Community usually lacks developers on Windows able to test and provide feedback on patches that are being implemented. Actually, by seeing bug reports from users on Windows on a daily basis (not meaning that each report is really a bug occurring only on this platform but that there are many users of it), having more people in the field would be great.
Doing development on a different platform does not usually mean a lot of things:
- Compiling manually code with a patch and check if a feature is really working as expected on a platform. This would be a more natural process than waiting for the buildfarm to become red with a Windows-only failure.
- Helping people with their new features. A patch could be rejected because it proposes something that is not cross-platform.
- Getting new buildfarm machines publishing results that developers could use to stabilize code properly.
Either way, jumping from a development platform to another (especially with already years of experience doing Linux/Unix things) may not be that straight-forward, and even quite painful if this platform has its code closed as you may not be able to do everything you want with it to satisfy your needs.
PostgreSQL provides many ways to be able to [compile its code on Windows] (http://www.postgresql.org/docs/devel/static/install-windows.html) for quite a long time now, involving for example the Windows SDK and even Visual C++ (MSVC), but as well another, more hacky way using MinGW. This may be even an easier way to enter in the world of Windows development if you are used to Unix-like OSes as you do not need to rely on some externally-developed SDK and still need to type by yourself commands like ./configure and make.
First of all, once you have your hands on a Windows box, perhaps the best thing to do is to install msysGit that really helps to provide an experience of Git on Windows close to what you can live on Unix/Linux platforms. The console provided is not perfect (need to use the Edit->[Mark|Paste] instead of a plain Ctrl-[C|V] for any copy paste operation), but this is better than the native Command Prompt of Windows if you are not used to it. Also, one thing to not forget is that the paths to each disk are not prefixed with “C:\PATH” but with /c/$PATH.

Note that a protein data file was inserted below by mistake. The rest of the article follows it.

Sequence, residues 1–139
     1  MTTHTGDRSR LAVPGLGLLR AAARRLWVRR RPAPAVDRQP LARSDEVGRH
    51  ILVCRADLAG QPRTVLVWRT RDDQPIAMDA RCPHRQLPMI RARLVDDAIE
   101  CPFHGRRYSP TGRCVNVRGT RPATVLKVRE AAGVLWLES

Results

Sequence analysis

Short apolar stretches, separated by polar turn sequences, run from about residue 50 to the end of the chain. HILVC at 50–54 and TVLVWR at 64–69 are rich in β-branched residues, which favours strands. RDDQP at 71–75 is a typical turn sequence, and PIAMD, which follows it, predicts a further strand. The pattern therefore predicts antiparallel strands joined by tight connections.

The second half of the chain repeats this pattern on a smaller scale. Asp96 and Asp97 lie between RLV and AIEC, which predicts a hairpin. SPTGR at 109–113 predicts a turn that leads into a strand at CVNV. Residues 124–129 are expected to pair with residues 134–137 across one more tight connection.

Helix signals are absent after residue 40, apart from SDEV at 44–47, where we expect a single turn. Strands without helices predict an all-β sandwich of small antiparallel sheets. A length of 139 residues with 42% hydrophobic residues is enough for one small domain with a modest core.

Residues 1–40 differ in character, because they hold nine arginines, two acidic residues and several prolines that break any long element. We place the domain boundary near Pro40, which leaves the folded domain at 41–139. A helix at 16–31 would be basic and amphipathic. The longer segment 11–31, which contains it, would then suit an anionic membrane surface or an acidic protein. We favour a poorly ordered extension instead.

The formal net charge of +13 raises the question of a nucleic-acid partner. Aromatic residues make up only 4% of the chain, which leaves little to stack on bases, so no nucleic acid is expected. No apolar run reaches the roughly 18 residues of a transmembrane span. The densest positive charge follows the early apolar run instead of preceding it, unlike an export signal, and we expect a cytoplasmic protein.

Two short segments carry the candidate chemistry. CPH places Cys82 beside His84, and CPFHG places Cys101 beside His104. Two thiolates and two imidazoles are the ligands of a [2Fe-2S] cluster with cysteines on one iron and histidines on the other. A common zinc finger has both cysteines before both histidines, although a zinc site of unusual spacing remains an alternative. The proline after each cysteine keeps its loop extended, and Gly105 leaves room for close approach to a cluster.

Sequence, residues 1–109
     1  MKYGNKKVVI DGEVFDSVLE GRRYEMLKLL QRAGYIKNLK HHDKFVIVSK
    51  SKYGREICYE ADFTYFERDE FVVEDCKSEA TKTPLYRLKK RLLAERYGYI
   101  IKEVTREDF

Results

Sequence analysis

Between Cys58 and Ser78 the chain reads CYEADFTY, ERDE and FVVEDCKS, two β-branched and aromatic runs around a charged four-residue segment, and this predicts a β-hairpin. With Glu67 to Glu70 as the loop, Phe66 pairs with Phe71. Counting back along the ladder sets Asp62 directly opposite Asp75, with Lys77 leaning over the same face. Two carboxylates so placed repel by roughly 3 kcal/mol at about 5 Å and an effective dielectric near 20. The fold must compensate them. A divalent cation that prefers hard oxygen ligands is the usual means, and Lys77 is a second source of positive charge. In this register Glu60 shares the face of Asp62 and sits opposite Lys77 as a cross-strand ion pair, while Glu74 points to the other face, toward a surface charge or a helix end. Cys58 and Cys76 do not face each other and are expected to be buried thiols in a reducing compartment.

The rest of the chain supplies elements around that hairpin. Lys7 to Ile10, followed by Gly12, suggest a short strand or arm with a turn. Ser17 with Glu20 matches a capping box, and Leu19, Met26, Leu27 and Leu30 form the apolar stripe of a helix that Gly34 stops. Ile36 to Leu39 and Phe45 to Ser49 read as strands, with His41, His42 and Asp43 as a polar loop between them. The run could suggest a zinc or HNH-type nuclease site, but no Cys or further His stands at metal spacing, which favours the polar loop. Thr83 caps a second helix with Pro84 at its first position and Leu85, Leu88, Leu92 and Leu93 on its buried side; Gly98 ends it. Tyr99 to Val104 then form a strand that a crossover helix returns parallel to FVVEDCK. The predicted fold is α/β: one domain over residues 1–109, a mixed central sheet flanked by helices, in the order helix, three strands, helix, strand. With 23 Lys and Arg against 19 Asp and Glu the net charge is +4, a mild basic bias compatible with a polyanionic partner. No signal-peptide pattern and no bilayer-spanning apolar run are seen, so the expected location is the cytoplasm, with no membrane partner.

Then, continue with the [installation of MinGW] (http://www.postgresql.org/docs/devel/static/installation-platform-notes.html#INSTALLATION-NOTES-MINGW). Simply download it and then install it in a custom folder like. Something like 7-zip is helpful to extract the content from tarballs. You may as well consider another option to get 64-bit binaries with for example MinGW-w64. Some extra instructions on how to use it are available [here] (http://sourceforge.net/apps/trac/mingw-w64/wiki/GeneralUsageInstructions).
Even after deploying a MinGW build, you may need a [proper make command] (http://sourceforge.net/apps/trac/mingw-w64/wiki/Make) as it may not be available in what you downloaded (that’s actually what I noticed with a MinGW-w64 build). This can for example be taken from one of the stable snapshots of MinGW after renaming what is present there properly (make commands are renamed to not conflict with MSYS).
Note as well that the Postgres wiki has some [additional notes] (https://wiki.postgresql.org/wiki/Building_With_MinGW) you may find helpful.
It is usually adviced to deploy MinGW in a path like “C:\mingw” but this is up to you as long as its binary folder is included in PATH, resulting in that with msysgit for example:
Once you got that done, fetch the code from [Postgres git repository] (https://github.com/postgres/postgres) and begin the real work. Here are a couple of things to know though when beginning that.
First, the configure command should enforce a couple of environment to make the build work smoothly with msysGit. Also a value should be provided to “–host” to be able to detect the compiler shipped with MinGW. This results in a configure command similar to that:
PERL=perl \ BISON=bison \ FLEX=flex \ MKDIR_P="mkdir -p" \ configure --host=x86_64-w64-mingw32 --without-zlib
Note as well that zlib is disabled for simplicity.
Once compilation has been done, be sure to change as well the calls of “$(SHELL)” to “bash” like that in src/Makefile.global:
sed -i "s#\$(SHELL)#bash#g" src/Makefile.global
All those things do not actually require to modify Postgres core code, so it is up to you to modify your build scripts depending on your needs.
There are as well a couple of things to be aware if you try to backport scripts that you have been using in other environments (some home-made scripts have needed patches in my case):
- Be sure to update any newline of the type “\n” with “\r\n”, this will avoid parsing failures when inserting multiple lines at the same time inside a single file like pg_hba.conf.
- USER is not a valid environment variable, USERNAME is.
- Servers cannot start if kicked by users having Administrator privileges
- Compilation is slow…
Once compilation works correctly, you will be able to get something like that:
=# SELECT substring(version(), 1, 73); substring --------------------------------------------------------------------------- PostgreSQL 9.4devel on x86_64-w64-mingw32, compiled by x86_64-w64-mingw32 (1 row)
Then you can congratulate yourself and enjoy a glass of wine.